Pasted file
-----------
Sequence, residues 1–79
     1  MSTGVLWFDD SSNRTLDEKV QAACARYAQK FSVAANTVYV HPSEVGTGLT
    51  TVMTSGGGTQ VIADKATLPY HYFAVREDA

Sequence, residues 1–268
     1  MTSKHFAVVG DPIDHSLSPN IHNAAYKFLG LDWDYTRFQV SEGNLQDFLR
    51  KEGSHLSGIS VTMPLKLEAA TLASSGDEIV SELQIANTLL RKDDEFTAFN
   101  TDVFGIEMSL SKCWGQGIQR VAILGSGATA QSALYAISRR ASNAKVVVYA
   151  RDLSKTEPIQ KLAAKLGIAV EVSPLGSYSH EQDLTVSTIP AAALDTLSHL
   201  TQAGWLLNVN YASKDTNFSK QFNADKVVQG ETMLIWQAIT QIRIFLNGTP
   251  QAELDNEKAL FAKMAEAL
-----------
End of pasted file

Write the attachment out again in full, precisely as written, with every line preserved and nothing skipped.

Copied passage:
Sequence, residues 1–79
     1  MSTGVLWFDD SSNRTLDEKV QAACARYAQK FSVAANTVYV HPSEVGTGLT
    51  TVMTSGGGTQ VIADKATLPY HYFAVREDA

Sequence, residues 1–268
     1  MTSKHFAVVG DPIDHSLSPN IHNAAYKFLG LDWDYTRFQV SEGNLQDFLR
    51  KEGSHLSGIS VTMPLKLEAA TLASSGDEIV SELQIANTLL RKDDEFTAFN
   101  TDVFGIEMSL SKCWGQGIQR VAILGSGATA QSALYAISRR ASNAKVVVYA
   151  RDLSKTEPIQ KLAAKLGIAV EVSPLGSYSH EQDLTVSTIP AAALDTLSHL
   201  TQAGWLLNVN YASKDTNFSK QFNADKVVQG ETMLIWQAIT QIRIFLNGTP
   251  QAELDNEKAL FAKMAEAL